Lunar Electric,
The TVD First Date

“Considering I’m only 23 and missed the era of classic vinyl by a longshot, LPs have had a huge, huge, huge influence on me. My dad had a pretty sizable collection growing up, classical and jazz, Blue Note stuff, Coltrane and Miles Davis. He had some prog stuff too, Close to The Edge and Yessongs. I remember hearing “Seen All Good People” for the first time on the old turntable in our living room. I must have been about 8 or 9. After iTunes though he got rid of most of it, save a few rare LP’s that got stashed away, to be rediscovered years later.”

“Obviously I grew up with CDs, then MP3s. The music I was listening to in junior high was only available in that format. I liked bands like Cream and Deep Purple, but again I didn’t own a record player or any LPs. When I was 15 my neighbors had a garage sale and I found a couple of records, The Wall and some others, so I bought them for a couple of bucks. A few months later I asked my mom for a turntable for my birthday. She thought it was a joke, so did my dad. They didn’t understand the appeal or the mythos surrounding vinyl when things seemed so convenient with digital.

Just the idea of it was exciting to me and the musicians I was hanging with. Vinyl was beginning to undergo its resurgence around that time and we wanted to hear the music we were obsessing over as it was intended I think. The first LP I bought at a record shop was Houses of the Holy, at Siren Records in Doylestown, PA. Then it was Sabbath, Masters of Reality at Princeton Record Exchange. My dad worked at the university and I used to hang out at that store a lot. They had great used vinyl. I had a lot of “emergencies” there on the credit card my parents gave me incase my car broke down!

I only had those two records for a while, I played them out. They really made an impression on me. The way Houses was structured like this great symphonic statement, all of the colors, and the artwork, the absolutely pulverizing sound on Sabbath. In fact, if you can somehow track down any material from my first couple of bands on the internet, we essentially re-wrote those records!

For the next couple of years I had a deep obsession and acquired quite a collection. There were so many stimulating albums, live records, compilations, things I would pull out of the 99 cent pin. Maybe a couple of tracks were playable, but it was something you’d be hard pressed to Google search. I had everything from Grand Funk Live and Revolver to Benny Goodman Live At Carnegie Hall. I listened to a lot of jazz, I found a box set of 120 recordings by Django Reinhardt and The Quintette du Hot Club de France with Stéphane Grappelli. Nobody else plays like that. I also had a French pressing of Bird on Verve. What a line up on that record. Buddy Rich and Monk, Charlie Parker and Dizzy Gillespie. I also discovered the Stones on vinyl. The first time I really listened, Sticky Fingers. I felt like I’d been jarred awake, you can definitely hear that on the new EP.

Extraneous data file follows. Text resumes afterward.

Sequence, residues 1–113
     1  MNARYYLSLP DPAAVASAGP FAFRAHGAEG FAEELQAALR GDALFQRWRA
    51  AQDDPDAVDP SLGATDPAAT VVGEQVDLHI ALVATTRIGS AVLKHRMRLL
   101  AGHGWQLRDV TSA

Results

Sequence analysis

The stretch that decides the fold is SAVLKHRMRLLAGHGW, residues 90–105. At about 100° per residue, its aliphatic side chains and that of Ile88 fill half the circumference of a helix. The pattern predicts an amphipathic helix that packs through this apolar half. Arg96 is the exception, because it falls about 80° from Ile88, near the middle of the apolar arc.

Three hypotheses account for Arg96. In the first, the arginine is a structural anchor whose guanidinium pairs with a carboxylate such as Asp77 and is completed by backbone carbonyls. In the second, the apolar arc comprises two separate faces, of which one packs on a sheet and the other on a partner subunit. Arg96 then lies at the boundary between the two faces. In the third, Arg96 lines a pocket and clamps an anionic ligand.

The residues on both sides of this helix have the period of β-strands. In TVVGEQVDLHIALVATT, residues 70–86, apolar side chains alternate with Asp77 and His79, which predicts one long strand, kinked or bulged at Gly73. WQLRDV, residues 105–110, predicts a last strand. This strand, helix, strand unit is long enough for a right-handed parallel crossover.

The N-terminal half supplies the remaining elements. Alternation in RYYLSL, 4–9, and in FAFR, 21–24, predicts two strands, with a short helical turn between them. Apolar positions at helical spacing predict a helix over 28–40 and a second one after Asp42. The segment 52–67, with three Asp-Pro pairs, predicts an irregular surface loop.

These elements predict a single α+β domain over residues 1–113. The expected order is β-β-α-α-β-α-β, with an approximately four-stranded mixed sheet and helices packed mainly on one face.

A year or so after I got my record player I was looking for something in the attic and found the handful of records my dad had saved when he liquidated his collection. There were a couple of incredible LPs in there. Frank Sinatra and Antonio Carlos Jobim on Reprise, recordings of Stravinsky in rehearsal, and a couple of records of Troubadour and Trobairitz music from the 13th and 14th centuries which I played out. That stuff really impacted me. All of these early, early secular popular songs by these traveling musicians. The first rock stars I think. I actually starting lifting melodies from that stuff which you can still hear on some of my stuff.

It was just a really exciting time for me as a musician. I would get totally lost in that universe. It was so immersive. Music is so engaging on vinyl, it’s something you interact with like a friend. It’s not wallpaper. I would even force myself to learn things on guitar off of the LP instead of slowing them down and transcribing a file on my computer. I wanted to work at it like the people I admired.

To wrap up, the Zeppelin records definitely had the most impact on what I set out to do as an artist. The music and the visuals joining to create a powerful mystique. They obsessed over that gatefold and the mysterious cover. I went out and bought a Tarot deck after I figured out that Page used The Hermit for that illustration. That stuff meant everything to me. Zeppelin was a vinyl band. And those records hit me hardest. Houses was the beginning but when I got Zeppelin IV, that changed everything. I had never heard anything that fierce. Man, when you drop the needle and it’s crackling and you turn it up until the receiver is frying, and the band comes in with that opening riff and Robert Plant is wailing all over it. That made me jump out of my skin. It still does.”
Dre DiMura

Lunar Electric’s “Auracle Bone Script” EP arrives in stores on June 23, 2017.

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